Badoo launched in late 2006 in Spain, where Andreev was then living, as a conventional photo-sharing website. Says Andreev,
"We assumed that the 'meet new people' idea wouldn't work there -- Spanish girls are like princesses, you couldn't touch them, you had to meet their parents first before inviting them to the cinema."
The site wasn't generating revenue, but numbers were growing sharply: the 2007 Google Zeitgeist list of fastest-rising search terms listed "Badoo" second, just below "iPhone". In 2008, Andreev decided to test his assumptions of Spanish women and as an experiment refocused the site on meeting new people. "And the girls didn't leave. At that time, France was growing fast, Italy was. Then one day we discovered we had 30,000 registrations in Turkey [that day]. What happened? Was it a hacker attack or scammers? No, someone wrote an article about us. It's as if all the users jumped on the bus and went there. Bang -- in two months, suddenly we have a Turkish market with a million members." Today the overall gender ratio is 45 percent female, 55 per cent male (in Brazil and Poland women outnumber men); 86 percent of users are aged 18 to 34.
Andreev introduced some simple premium services into his revenue model:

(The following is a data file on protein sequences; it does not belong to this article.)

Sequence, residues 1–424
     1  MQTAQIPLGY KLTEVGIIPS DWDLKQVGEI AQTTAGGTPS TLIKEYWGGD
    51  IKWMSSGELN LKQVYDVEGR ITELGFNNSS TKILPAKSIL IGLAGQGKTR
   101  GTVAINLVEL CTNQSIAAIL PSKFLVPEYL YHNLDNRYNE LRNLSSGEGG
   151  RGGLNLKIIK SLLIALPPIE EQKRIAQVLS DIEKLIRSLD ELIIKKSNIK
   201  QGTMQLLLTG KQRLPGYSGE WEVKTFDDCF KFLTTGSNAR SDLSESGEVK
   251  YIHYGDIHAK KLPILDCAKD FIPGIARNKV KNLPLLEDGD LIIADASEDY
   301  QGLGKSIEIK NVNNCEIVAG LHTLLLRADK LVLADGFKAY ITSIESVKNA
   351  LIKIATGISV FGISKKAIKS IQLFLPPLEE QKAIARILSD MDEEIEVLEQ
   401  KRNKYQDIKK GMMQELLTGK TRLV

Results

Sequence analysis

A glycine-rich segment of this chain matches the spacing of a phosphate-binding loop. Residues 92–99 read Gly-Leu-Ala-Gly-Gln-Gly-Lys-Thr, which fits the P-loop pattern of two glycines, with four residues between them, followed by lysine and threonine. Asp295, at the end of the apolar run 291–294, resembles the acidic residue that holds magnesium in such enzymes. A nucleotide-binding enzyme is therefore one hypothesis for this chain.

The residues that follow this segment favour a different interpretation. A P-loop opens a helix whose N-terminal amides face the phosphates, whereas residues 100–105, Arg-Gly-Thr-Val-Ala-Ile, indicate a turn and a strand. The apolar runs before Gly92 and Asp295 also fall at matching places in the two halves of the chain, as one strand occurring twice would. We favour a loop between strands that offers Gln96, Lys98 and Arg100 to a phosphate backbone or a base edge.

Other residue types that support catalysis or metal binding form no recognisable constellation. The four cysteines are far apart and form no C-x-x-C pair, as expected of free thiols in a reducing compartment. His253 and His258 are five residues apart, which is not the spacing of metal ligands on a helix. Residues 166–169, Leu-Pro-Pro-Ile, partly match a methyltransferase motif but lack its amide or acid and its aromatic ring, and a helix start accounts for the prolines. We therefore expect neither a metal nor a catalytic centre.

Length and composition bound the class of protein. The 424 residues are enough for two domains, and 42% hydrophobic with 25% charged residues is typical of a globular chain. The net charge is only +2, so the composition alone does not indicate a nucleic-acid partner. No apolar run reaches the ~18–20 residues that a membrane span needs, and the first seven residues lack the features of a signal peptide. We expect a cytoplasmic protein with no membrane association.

- Rank Higher During Searches - You could pay a dollar or a euro to "rise up" the search results, and so attract greater attention.
- Increase Profile Photo Visibility - You could pay again to have your profile photo more widely visible across the site.
- Virtual Gifts - He introduced virtual gifts to buy for your prospective date. "No one's pushing you to spend money, but if you want to attract more users, you have to pay," he explains.
"You pay to advertise yourself. If you want something to go faster, you pay. And some people pay tens of times every day to rise up. But people love advertising themselves. Lots of people use this function several times a day. They become addicted."
By the end of 2009, the site had 48 million registered users -- a fifth of whom, then CEO Neil Bryant said at the time, were paying to boost their profile.
Andreev explains his idea for a mobile location-based Badoo:
"Then we had the idea of mobile -- how to meet people nearby. We understood that people could meet each other in a big town, but how much more exciting to see who's sitting next to you in a café? Or you can just walk past a nightclub and see who you can pick up before you get in. It's another opportunity to hook up random people for adventure. We're talking about real life, real time. We know this girl is 500 metres from here now."